Imagine a 400,000-pound, wide-bodied Boeing 777 gliding over the Peninsula into San Francisco International Airport.
On a recent overnight flight from Honolulu, United Airlines Flight 76 did just that, sailing overhead from the coast to the Dumbarton Bridge at idle thrust using mostly gravity, not mechanical brakes, to cut speed for landing.
For everyone snug in their beds in Woodside, Portola Valley and Atherton, it meant no noise complaints that August morning.
For researchers at SFO, NASA Ames Research Center, Boeing and the Federal Aviation Administration, it means the wave of the future in air traffic control: an aircraft descent pattern generated by computer and flown on autopilot. Researchers say the technology is cleaner, quieter and more fuel efficient than traditional manual landings.
"They didn't hit the speed brakes over land," said Bert Ganoung, manager of SFO's Aircraft Noise Abatement Office. "Spoilers, flaps, landing gear, they all create noise, and they're all speed-braking devices."
The test program, called Oceanic TailoredApproaches, uses computer software to determine the smoothest landing path. A controller sends the path to the plane via data uplink, causing the aircraft to descend with minimal engine thrust and more glide.
Commercial airliners currently fly autopilot at cruising altitude and have auto-landing features. But the vast majority of flights are landed manually by pilots and controllers in heavy traffic to avoid collisions. With tailored approaches, the software determines the path of all planes simultaneously to keep them from colliding, while minimizing the amount of braking and leveling off they normally do to land safely in heavy traffic.
"It's hard for humans to come up with the optimal solution well in advance," said Rich Coppenbarger, Tailored Arrival Principal Investigator at NASA Ames Research Center. "This is ideally suited for automation."
Controllers and pilots liked the system in initial tests, Coppenbarger said. The pilot reviews and approves all computer commands before they're entered into the flight management system.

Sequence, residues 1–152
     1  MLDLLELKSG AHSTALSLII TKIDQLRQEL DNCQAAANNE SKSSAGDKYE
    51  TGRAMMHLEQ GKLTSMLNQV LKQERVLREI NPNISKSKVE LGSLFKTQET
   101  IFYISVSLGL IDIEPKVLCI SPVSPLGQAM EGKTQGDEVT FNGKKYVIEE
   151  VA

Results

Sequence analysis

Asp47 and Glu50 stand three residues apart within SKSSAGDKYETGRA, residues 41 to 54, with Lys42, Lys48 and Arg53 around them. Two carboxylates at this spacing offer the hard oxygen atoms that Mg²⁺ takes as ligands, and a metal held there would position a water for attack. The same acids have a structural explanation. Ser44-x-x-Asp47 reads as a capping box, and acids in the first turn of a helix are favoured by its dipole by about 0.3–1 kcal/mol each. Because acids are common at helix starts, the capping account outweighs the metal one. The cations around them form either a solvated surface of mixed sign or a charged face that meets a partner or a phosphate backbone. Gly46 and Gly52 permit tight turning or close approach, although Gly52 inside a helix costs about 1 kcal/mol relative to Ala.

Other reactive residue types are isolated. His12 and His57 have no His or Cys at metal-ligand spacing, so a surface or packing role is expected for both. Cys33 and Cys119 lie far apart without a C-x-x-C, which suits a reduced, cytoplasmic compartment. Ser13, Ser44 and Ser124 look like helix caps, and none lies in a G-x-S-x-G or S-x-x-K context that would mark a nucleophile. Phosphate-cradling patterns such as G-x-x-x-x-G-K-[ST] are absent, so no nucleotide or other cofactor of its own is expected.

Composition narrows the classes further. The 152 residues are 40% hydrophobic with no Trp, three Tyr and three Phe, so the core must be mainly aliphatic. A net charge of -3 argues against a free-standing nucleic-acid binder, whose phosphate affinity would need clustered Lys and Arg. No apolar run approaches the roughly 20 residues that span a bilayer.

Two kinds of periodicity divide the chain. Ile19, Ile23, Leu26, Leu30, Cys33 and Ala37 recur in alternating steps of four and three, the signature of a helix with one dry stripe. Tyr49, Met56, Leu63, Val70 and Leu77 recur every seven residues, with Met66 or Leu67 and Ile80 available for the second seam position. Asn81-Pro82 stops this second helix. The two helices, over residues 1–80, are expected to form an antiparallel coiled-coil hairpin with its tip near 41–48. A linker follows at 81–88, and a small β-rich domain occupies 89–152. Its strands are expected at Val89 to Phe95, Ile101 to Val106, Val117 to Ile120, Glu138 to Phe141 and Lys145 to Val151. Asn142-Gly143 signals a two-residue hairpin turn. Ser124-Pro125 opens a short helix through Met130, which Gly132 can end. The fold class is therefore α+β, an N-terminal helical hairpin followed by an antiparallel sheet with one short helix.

Scientists working on the highly technical project put it in lay terms this way:
All the bumps, grinds and whines you hear inside a plane as it's descending are noise to people on the ground as well. It also means the plane is cutting, then increasing engine thrust to level off or speed up, keeping the plane in a holding pattern or at a safe distance from other aircraft.
NASA researchers and the SFO Noise Abatement Office tested the automation software every day for three weeks with UAL 76, which arrives at 5:30 a.m. The tests ended last month.
Based on a spate of noise complaints from Peninsula residents in recent years, the noise abatement office has been working with U.S. Rep. Anna Eshoo's office and the Federal Aviation Administration to raise the flyover altitude in Woodside from 6,000 to 8,000 feet.
But in at least one trial, a plane passing at 7,000 feet using a tailored approach made three decibels less noise than a plane with a normal descent at the regular altitude.
"Three decibels is an audible change. You can hear that," Ganoung said.
Researchers said there were no complaints from people on the ground near Woodside and Portola Valley, where the researchers were measuring sound levels. Members of the Airport/Community Roundtable in Woodside and Portola Valley could not be reached for comment Monday.
"What we're trying to tell people is that higher is not always better," Ganoung said. "This is just a snapshot. It doesn't prove anything. But we're analyzing the data."
Preliminary tests also show a fuel savings of about 1,000 pounds per flight, Coppenbarger said.
That may not seem like much, given that a flight burns 100,000 pounds of fuel coming from Hawaii. "A thousand pounds a day on every flight, that adds up," Ganoung said. "Think of the environment, the cut in emissions."
While many agencies are working to test and develop the technology, Coppenbarger says it's at least 10 years from widespread use. Only newer planes carry the Future Air Navigation Systems, or FANS, as standard equipment, allowing transmission of the data used to set flight patterns automatically loaded via computer, Coppenbarger said.
But the team hopes to resume testing in November.
"Any time we can get environmental emissions and noise down, and help airlines stay on time and save fuel, those are all good things for us," Coppenbarger said.
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